LOS ANGELES – The active search for the remaining missing crew member from a Japanese commercial ship that caught fire earlier in the week has been suspended, the U.S. Coast Guard said Thursday.
Twenty of the vessel’s 21 crew members had been accounted for as of Wednesday after the fire started Monday on the 59,400-ton Sincerity Ace, which was carrying 3,500 Nissan Motor Co. vehicles from Yokohama to Hawaii.
After “good Samaritan” crew from merchant vessels rescued 16 people Monday, an additional four were found “unresponsive and unable to grab onto life-saving equipment to be brought aboard,” according to the U.S. Coast Guard. They remain in the water until commercial tugboats arrive at the scene.
“Following the conclusion of morning and afternoon searches by our aircraft and commercial vessels we suspended the active search. This is always a difficult decision and takes many factors into account,” said Chief Petty Officer Dennis Vetrano of the Coast Guard Joint Rescue Coordination Center Honolulu.
“We extend our condolences to the families and loved ones of the crew members affected by this tragedy.”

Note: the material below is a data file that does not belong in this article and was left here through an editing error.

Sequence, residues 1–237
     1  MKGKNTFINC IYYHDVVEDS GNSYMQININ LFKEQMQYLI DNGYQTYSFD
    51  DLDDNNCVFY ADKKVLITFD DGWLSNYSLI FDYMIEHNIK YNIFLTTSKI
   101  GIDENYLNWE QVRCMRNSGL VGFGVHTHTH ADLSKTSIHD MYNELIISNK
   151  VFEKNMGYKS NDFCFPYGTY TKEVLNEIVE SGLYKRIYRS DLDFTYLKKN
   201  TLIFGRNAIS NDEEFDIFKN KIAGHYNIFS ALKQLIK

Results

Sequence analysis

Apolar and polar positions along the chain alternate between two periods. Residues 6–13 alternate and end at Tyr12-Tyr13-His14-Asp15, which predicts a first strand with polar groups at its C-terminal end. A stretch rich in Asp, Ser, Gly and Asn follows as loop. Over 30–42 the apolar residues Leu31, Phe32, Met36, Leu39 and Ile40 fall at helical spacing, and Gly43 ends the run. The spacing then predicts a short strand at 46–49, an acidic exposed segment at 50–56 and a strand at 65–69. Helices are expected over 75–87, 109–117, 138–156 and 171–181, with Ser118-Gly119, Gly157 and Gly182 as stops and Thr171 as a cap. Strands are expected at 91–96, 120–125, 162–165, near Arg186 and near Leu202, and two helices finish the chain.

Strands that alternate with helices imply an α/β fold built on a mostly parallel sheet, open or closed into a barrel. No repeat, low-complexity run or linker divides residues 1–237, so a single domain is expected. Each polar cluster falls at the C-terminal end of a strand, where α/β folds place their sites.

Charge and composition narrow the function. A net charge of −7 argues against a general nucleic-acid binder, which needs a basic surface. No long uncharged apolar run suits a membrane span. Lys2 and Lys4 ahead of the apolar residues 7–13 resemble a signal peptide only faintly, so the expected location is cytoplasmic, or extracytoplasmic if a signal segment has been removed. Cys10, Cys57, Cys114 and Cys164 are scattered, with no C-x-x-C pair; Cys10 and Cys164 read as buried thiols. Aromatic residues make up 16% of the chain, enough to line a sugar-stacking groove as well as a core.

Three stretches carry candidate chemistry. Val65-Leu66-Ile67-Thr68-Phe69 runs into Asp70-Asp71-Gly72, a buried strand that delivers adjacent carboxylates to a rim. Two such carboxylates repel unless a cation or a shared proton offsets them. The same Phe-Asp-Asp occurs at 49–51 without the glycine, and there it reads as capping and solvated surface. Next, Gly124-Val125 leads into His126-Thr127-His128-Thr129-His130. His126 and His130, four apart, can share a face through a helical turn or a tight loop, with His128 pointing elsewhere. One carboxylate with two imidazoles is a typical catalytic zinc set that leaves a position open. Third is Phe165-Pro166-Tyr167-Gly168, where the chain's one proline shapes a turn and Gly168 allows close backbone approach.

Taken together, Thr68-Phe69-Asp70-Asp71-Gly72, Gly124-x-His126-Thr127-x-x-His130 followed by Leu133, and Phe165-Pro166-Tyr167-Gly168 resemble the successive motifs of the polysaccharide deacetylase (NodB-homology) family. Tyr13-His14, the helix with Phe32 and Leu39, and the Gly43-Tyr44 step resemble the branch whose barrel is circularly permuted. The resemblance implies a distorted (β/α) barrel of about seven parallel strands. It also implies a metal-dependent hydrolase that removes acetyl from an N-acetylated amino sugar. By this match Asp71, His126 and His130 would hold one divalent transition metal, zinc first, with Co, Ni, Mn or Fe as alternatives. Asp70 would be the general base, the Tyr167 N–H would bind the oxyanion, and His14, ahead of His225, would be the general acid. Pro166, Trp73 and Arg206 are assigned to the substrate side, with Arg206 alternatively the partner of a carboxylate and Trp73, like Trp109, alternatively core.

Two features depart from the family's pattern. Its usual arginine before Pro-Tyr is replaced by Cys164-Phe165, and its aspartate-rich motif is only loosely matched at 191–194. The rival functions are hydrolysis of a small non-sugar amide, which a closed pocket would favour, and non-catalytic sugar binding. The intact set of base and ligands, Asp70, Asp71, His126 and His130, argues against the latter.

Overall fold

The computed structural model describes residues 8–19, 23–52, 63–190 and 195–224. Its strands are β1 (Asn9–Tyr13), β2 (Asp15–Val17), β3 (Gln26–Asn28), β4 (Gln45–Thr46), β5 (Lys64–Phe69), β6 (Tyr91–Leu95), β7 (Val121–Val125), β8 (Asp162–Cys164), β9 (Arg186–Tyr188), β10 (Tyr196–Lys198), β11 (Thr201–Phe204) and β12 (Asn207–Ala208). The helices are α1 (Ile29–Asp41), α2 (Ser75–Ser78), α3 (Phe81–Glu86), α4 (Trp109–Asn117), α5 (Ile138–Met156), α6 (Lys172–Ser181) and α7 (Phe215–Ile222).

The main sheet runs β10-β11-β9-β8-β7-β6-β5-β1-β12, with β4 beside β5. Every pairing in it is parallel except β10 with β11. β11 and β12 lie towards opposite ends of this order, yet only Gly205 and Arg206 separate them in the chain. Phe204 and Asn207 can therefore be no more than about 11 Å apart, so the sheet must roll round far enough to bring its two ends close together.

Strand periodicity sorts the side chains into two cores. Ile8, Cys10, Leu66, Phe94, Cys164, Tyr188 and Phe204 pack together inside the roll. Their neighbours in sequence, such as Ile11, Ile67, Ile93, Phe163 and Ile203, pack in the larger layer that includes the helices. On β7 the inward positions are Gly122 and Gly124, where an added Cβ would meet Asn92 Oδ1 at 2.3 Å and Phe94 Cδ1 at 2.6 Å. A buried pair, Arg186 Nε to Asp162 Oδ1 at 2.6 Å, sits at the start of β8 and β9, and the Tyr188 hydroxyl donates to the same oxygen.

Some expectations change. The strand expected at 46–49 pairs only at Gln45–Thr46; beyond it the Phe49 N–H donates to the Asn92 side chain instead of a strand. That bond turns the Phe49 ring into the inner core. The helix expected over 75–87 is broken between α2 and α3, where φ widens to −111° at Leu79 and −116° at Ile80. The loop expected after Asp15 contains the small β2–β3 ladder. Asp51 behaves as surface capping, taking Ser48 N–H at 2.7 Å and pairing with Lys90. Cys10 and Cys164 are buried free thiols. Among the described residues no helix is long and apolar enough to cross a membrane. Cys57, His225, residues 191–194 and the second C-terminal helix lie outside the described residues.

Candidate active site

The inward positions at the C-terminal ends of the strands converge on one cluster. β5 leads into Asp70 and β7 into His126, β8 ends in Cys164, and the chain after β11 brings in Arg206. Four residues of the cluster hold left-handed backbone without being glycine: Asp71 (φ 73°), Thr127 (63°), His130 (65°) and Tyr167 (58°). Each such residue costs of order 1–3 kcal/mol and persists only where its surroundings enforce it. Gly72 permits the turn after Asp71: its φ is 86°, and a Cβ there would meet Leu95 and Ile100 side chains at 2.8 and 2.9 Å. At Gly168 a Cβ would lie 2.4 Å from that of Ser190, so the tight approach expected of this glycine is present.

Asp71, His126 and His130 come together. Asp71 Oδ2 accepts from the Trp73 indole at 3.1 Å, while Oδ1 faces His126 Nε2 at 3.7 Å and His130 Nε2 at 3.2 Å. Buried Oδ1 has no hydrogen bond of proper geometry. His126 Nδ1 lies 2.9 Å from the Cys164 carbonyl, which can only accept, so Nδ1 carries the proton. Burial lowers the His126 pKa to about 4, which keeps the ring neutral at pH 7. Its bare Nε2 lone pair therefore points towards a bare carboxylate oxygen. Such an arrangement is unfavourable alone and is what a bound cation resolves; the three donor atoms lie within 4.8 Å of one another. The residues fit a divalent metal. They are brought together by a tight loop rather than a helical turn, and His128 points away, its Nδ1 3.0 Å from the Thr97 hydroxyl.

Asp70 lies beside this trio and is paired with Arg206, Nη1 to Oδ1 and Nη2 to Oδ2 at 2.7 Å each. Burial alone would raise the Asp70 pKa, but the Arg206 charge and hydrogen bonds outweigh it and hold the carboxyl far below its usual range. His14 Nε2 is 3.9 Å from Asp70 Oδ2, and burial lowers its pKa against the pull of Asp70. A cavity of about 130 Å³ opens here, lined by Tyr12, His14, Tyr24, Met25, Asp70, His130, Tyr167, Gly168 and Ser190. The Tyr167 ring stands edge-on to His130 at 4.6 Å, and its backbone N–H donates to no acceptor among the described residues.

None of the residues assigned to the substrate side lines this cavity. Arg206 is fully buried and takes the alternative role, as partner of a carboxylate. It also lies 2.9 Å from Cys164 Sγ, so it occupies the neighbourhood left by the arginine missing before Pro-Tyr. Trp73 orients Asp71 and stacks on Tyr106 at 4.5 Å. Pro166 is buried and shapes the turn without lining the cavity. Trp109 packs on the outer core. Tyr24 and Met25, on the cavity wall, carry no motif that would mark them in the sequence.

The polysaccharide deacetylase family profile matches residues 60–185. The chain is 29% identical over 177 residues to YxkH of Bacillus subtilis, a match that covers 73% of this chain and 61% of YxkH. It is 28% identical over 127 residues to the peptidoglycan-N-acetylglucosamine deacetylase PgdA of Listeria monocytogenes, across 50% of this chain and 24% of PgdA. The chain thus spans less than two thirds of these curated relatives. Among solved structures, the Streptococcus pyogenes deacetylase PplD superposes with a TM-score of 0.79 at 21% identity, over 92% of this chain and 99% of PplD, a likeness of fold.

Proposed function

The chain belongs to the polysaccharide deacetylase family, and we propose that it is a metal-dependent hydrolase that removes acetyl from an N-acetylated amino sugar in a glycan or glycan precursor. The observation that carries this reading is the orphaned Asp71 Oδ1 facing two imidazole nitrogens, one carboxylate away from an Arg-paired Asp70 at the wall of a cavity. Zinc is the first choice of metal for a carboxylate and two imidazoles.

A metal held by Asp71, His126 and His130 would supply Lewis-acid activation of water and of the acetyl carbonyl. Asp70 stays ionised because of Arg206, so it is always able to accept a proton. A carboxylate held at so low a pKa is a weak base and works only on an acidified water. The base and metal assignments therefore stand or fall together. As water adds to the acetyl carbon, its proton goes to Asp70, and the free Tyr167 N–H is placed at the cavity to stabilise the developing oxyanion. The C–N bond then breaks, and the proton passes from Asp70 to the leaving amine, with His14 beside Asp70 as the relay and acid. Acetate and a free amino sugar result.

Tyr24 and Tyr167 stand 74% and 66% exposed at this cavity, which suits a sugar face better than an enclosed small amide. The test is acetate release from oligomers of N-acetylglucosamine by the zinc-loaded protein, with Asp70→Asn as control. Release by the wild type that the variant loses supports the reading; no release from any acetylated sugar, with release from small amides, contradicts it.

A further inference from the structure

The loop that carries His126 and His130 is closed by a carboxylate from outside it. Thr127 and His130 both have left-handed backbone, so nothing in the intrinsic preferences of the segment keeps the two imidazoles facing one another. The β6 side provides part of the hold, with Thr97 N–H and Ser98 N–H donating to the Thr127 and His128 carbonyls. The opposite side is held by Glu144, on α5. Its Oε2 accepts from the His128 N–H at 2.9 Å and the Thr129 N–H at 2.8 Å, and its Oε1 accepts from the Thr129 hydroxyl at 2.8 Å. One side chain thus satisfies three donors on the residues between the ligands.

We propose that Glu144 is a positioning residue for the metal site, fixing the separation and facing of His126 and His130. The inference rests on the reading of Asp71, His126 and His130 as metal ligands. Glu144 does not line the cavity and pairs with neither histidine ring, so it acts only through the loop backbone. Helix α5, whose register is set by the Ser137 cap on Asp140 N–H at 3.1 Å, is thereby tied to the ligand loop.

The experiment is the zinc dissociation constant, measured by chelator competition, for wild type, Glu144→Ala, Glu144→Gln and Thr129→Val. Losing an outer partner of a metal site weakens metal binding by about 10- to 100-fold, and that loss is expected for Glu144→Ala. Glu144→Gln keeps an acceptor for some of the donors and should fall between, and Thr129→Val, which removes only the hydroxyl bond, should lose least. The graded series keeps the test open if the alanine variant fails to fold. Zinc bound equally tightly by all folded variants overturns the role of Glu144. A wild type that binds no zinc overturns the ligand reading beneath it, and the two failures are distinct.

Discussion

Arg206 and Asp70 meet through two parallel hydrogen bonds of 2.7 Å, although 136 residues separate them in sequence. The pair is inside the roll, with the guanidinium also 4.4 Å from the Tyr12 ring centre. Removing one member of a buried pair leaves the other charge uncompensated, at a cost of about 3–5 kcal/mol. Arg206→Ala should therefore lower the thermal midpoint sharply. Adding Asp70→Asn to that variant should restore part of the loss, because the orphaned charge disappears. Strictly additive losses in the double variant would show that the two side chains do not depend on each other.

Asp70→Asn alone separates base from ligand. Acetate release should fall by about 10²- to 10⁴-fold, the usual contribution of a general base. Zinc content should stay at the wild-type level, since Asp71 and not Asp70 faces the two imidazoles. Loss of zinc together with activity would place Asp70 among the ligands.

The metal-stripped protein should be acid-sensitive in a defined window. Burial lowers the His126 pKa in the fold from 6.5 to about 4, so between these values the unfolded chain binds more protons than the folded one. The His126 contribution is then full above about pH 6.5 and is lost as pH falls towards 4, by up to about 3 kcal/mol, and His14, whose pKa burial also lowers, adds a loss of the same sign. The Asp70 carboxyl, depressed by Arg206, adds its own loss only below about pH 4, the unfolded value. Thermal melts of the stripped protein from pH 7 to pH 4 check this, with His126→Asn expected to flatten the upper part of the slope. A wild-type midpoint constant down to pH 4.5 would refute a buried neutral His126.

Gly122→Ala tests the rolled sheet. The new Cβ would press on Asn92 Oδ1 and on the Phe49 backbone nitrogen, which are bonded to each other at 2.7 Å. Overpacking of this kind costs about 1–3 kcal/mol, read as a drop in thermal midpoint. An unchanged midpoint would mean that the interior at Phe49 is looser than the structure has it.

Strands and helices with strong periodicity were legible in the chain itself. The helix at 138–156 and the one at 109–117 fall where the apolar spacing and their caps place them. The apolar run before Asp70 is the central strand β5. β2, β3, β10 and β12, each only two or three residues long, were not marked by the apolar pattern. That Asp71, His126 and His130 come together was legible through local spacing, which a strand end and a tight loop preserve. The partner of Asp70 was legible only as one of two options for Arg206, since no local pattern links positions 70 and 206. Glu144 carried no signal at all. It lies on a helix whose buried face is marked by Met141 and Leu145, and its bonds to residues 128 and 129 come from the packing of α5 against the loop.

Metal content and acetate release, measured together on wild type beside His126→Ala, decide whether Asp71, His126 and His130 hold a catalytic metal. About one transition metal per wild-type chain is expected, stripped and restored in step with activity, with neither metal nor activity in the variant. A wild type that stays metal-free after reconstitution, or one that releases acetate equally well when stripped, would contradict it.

The fire broke out on New Year’s Eve when the Panama-flagged car carrier was traveling about 3,330 kilometers (about 2,000 miles) northwest of Oahu Island. As of Thursday, the vessel remained adrift and burning, according to the Coast Guard.
“We have no information on the condition of the vehicles at this time,” said Nissan North America spokeswoman Lloryn Love-Carter. “Our thoughts are with the crew members as well as the safety of the rescue teams.”
The 21 crew members are Philippine nationals, according to the ship’s managing company, Shoei Kisen Kaisha. The company has dispatched commercial tugboats, which the Coast Guard said will arrive Monday, to transport the survivors and make recovery efforts.
The cause of the fire and the conditions of the unresponsive crew members remain unknown.
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